Construction Outlook 2023: Build It and They Will Come

By Rodny Nacier

In our annual blog series, we explore trends our experts expect to see in 2023, including this outlook on what construction industry trends might be in the new year.

2022 was a whirlwind of positive catalysts with consumer spending on an upward swing, job gains coming in strong and plenty of new household formations. Whether that translates into new construction and renovation activity now or later depends on the Fed. More important to us is our belief that there is a significant amount of pent-up demand to fuel growth in private construction activity in the years to come.

Following a cyclical softening of demand in 2022 as companies navigated through supply chain, inflation and other headwinds, the broad consensus among industry experts is that valuations across the building products and construction space remain attractive. For many market observers, near-term demand headwinds, including a mild recession, are mostly priced into stocks today. Additionally, recent commentary from management teams points to incremental signs of supply chain improvement and a deceleration in input and labor inflation compared to the pace seen early in 2022. Continued improvement across these variables in combination with easing Fed policy on interest rates could support upside to results in 2023 across the space.

For residential demand, the consensus housing start forecast for 2023 calls for a deceleration of single-family growth from 2022. However, analysts expect multifamily starts to remain relatively resilient given rising rents and longer construction lead times. Regarding interest rates, commentary from management teams and analyst opinions points to expectations for rates to be flat to up moderately in the near term before moving modestly lower in the second half of 2023. On the other hand, expectations for a decline in home prices could help offset near-term pressure from rising rates to support demand. Many indicators remain more supportive of repair and remodel versus new residential construction into 2023 due to a variety of factors:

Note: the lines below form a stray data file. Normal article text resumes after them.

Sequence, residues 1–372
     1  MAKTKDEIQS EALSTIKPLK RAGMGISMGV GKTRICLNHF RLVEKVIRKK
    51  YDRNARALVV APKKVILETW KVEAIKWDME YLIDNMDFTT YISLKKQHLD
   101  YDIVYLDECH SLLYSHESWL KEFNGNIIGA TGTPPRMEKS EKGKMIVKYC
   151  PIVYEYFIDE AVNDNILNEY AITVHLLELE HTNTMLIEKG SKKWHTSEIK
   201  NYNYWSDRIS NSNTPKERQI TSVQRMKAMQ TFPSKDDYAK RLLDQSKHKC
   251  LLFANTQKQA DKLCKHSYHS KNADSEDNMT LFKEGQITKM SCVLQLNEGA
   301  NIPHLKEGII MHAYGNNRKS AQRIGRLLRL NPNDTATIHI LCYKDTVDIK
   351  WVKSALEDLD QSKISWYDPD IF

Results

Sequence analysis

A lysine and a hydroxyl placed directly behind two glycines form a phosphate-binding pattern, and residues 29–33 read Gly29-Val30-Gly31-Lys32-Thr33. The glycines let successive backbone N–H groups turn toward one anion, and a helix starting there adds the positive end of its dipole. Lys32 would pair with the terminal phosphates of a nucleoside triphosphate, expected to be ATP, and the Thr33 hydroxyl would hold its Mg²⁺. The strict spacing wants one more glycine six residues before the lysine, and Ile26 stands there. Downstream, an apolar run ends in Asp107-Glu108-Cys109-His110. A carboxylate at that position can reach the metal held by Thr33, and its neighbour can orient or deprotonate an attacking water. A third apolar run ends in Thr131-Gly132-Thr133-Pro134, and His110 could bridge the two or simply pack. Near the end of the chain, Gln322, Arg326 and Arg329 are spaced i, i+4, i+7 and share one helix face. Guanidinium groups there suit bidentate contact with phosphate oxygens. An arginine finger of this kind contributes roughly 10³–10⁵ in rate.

• The industry is far more levered to the +128 million existing US homes than the approximately 5 million homes that are resold annually.
  • About 90%+ of mortgages outstanding are fixed well below today’s higher rates.
  • Elevated home prices in the near term should continue to be supported by the magnitude of today’s housing supply/demand imbalance and a likely acceleration in rent increases.

Non-residential construction is a mixed bag as usual. The Architectural Billing Index entered contraction territory in October 2022 for the first time since January 2021. That said, other leading indicators such as the Dodge Momentum Index continue to exhibit sequential improvement, providing reassurance that despite whispers of recession, owners and developers are still looking to move forward with projects to meet demand. Many analysts also expect state and federal governments to increase focus on stimulus for future infrastructure spending, which should help to offset the prospect of slowing economic growth. This is evidenced by President Biden’s spending packages that promise unprecedented federal funding for building material intensive sectors and is expected to soon translate into higher activity. Overall, robust project backlogs, order trends, and positive management commentary support continued strength in commercial and industrial markets into 2023.

Follow the entire ICR 2023 trends series on the ICR Insights blog.